If you fly regularly to US with Virgin Australia, as I do, chances are you may have ended up on a Delta aircraft on one of your trips; with the two carriers codesharing services across the Pacific, providing ticketed passengers for either the option to fly with the other. I recently did just that, flying with Delta to LA and then returning on a Virgin plane. So, how did the Delta service compare to what we’ve come to expect from Virgin? Here’s how it shaped up on a September 2017 flight.
Airline: Delta Air Lines
Route: Sydney to Los Angeles (LAX) – DL40
Seat: 40 F – aisle middle of a 3-3-3 layout
Flight Time: 13 Hours – Departed 90 minutes Late, arrived about an hour late
Transferring from Virgin Australia Domestic
For this service, I was transferring from a Virgin Australia domestic service, to the Delta International service at Sydney International Airport. Even though you’re changing carriers, your bag is checked through, so you don’t have to worry about that on arrival. Instead, you jump onto a free transfer bus found in the Domestic terminal, which takes you on a scenic route past plenty of airplanes that may be enjoyable for those who like to go behind-the-scenes, so to speak, of an airport. It takes less than ten minutes to drive between the terminals, and the wait for the bus was about ten minutes. Once you arrive, you go through customs and security as normal, and if you need to pick up your ticket, you can head to the Delta service desk.
Lounge Access at Sydney International
If you’re a Gold or Platinum Frequent Flyer on Virgin’s Velocity program, you’ll get access to the Skyteam Exclusive Lounge, found at Gate 24 – which is on the other side of the terminal to your departure gate. There’s a fantastic assortment of food and drink available, though make sure you keep an eye on the clock, because they don’t make any announcements for your flight. It was a notably busy lounge, with a number of airlines using it, and took a while to find a seat – but I ended up with a bench looking out onto the tarmac I had, earlier, rushed across on the bus.
Thanks to recent upgrades to Sydney International Terminal, there’s more food and drink options throughout the terminal than ever before, so if you don’t have lounge access, you’ll have more than enough options to help pass the time before you board your flight.
Baggage and Boarding
Delta match whatever Virgin would have permitted for your flight, and for most travellers that will be a carry on, plus one checked bag, maximum 23kg. If you’re a more premium status, or flying a higher class, you may be able to take on additional bags. Silver, Gold and Platinum Velocity flyers will be treated to priority baggage, and be able to board first with a “Sky Priority” notation on your ticket. However some staff seem to know more about this than others; I tried to use the Sky Priority boarding line at the gate and they tried to argue against it, even though it said Sky Priority on my ticket. So make sure to check the Velocity website so you know your own rights there.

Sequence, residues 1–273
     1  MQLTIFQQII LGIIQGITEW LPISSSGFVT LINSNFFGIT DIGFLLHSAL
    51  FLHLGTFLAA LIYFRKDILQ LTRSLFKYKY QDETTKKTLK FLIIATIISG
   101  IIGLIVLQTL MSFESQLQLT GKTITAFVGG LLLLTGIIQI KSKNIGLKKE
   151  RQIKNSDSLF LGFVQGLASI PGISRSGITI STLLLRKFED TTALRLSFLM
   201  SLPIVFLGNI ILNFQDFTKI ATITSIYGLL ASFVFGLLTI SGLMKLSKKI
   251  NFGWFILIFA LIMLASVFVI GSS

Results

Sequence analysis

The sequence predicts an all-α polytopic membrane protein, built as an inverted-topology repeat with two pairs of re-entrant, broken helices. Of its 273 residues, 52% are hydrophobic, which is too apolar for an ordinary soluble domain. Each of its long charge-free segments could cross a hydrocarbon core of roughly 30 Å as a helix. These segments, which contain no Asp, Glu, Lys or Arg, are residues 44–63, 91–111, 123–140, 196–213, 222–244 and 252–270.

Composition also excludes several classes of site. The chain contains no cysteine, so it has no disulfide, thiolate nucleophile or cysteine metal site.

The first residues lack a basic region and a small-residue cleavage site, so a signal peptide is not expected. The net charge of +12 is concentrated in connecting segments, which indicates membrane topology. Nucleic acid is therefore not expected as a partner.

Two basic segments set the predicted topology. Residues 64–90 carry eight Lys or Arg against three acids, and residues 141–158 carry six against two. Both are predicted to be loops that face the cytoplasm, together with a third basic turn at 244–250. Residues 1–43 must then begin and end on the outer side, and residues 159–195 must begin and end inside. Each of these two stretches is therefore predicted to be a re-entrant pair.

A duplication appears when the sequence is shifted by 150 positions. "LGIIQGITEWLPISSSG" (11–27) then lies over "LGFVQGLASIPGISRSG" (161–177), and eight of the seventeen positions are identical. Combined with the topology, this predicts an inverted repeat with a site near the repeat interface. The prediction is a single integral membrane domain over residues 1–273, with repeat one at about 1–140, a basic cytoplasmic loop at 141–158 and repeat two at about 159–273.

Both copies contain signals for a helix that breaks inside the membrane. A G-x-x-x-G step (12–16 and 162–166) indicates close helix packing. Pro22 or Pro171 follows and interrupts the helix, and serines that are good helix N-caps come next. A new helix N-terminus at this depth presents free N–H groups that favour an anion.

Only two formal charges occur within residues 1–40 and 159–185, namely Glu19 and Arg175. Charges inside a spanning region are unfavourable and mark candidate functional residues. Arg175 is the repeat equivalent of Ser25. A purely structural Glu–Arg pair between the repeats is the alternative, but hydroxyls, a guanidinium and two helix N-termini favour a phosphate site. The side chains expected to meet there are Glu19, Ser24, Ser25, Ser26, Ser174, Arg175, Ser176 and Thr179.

Comfort and Seat Trimmings
You’ll find a USB charger under the seat, and all seats come with a pillow, blanket, ear buds and eye mask. In this respect, you get exactly the same as what Virgin offer their economy passengers. I think the only difference is on Virgin services you also get a pen! The seat itself isn’t as comfortable as the Virgin counterpart; it’s slightly thinner, though the leg room is the same, and I was able to get more than enough sleep on the service.
In Flight Service
We experienced delays while on the tarmac due to wind. They kept the air con running, however, and added some extra fuel to the flight to compensate. They also handed out water while we waited. Ended up being 90 minutes of delays by the time we got into the air, and we landed about an hour late. They made sure to come around and assist anyone with questions about their delays, however, and rushed anyone through who needed to be on the other end.
The service in this regard, and throughout the entire flight was exceptional. Delta definitely work against the trend of many American carriers (who by and large have been improving in recent years, though still struggle to stack up against other international airlines), and provide friendly, helpful service and are well organised for any delays.
There were some issues I had with the routine service, however. The staff didn’t seem to know much about the meals they were serving – they struggled to answer questions about the dishes and said there were things in them that there weren’t (and vice versa). But in saying this, they didn’t bat an eyelid when I needed to exchange a dish due to dietary requirements. They also wake you mid-flight for a snack, which I really dislike. I think every air carrier should have some form of a system where you can request to be woken or not. Some ask you to keep your tray table down, others provide a sticker to put on your seat. Virgin just don’t wake you up at all, which is appreciated; for the mid-flight service at least.